Key PointsMr Xi’s visit to Russia is his first in nearly four years.The plan calls for the protection of civilians and for Russia and Ukraine to respect each other’s sovereignty. However, the United States and NATO have said Beijing’s efforts to mediate are not credible.Chinese President Xi Jinping will travel to Russia next week to hold talks with President Vladimir Putin, the two countries said on Friday, as Beijing touts a plan to end the grinding Ukraine war that has received a lukewarm welcome on both sides.
Mr Xi’s trip from 20 to 22 March comes after China last month published a 12-point plan for “a political resolution of the Ukraine crisis” and after a senior Chinese diplomat called on Thursday for negotiations in a call with Ukraine’s foreign minister.
The plan calls for the protection of civilians and for Russia and Ukraine to respect each other’s sovereignty.
However, the United States and NATO have said Beijing’s efforts to mediate are not credible as it has refrained from condemning Russia’s invasion of Ukraine, which Moscow calls a “special military operation”.
Chinese foreign ministry spokesperson Wang Wenbin said Mr Xi’s visit to Russia – his first in nearly four years – was in part to promote “peace”, although he made no explicit mention of the Ukraine war.
He said the leaders would also exchange opinions on major regional and international issues, strengthen bilateral trust and deepen economic partnerships.
The Kremlin said in a statement that Mr Xi and Mr Putin would discuss “topical issues of further development of comprehensive partnership relations and strategic cooperation between Russia and China”.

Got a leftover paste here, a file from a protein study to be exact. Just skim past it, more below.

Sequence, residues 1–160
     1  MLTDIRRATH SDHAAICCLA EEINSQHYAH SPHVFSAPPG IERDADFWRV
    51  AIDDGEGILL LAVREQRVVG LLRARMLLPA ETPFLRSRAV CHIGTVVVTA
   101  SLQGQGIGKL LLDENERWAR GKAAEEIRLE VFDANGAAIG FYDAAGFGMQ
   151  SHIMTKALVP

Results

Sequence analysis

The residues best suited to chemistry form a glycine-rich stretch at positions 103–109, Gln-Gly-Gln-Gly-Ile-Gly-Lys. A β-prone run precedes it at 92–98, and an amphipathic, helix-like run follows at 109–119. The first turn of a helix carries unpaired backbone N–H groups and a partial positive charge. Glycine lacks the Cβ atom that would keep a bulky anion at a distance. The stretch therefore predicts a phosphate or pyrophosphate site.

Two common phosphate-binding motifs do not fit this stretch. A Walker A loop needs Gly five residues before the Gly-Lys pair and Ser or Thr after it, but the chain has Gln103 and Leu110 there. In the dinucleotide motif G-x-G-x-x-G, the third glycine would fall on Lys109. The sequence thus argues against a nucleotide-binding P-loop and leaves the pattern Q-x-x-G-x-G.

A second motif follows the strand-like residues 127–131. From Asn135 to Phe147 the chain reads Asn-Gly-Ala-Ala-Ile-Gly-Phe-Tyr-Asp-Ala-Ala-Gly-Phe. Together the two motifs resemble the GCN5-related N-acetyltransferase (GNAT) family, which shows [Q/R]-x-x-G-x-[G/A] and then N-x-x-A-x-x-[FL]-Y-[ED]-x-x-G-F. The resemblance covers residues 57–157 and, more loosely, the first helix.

The statement also made no mention of Ukraine. Mr Xi will hold a telephone call with Ukrainian President Volodymr Zelenskyy following his Russia visit, according to some media reports. Beijing has not confirmed the call.
China and Russia announced a “no limits” partnership in February 2022 when Mr Putin visited Beijing for the opening of the Winter Olympics, days before he sent tens of thousands of troops into Ukraine, triggering the biggest conflict seen in Europe since World War Two.
Beijing and Moscow have since continued to reaffirm the strength of their ties.
Bilateral trade has soared since the invasion and China is Russia’s biggest buyer of oil, a key source of revenue for Moscow.
Tens of thousands of people have been killed and millions have fled their homes in Ukraine since the invasion and there is currently no sign of either side actively seeking an end to the conflict.
Ukraine has taken issue with Beijing’s proposals for not stating that Russia should withdraw behind borders in place since the Soviet Union collapsed in 1991, though it later said it was open to “parts of the plan”.
Russia welcomed Beijing’s initiative and said it would make a “nuanced study” of the plan but has also said it sees no sign for now of a peaceful resolution.
Moscow says Ukraine must accept its annexation of four regions in the east and south of the country along with the loss of Crimea, the Black Sea peninsula it forcibly annexed in 2014.
Russia says its actions in Ukraine are a defensive pushback against a hostile and aggressive West, while Kyiv and its Western allies say they represent an imperial-style land grab.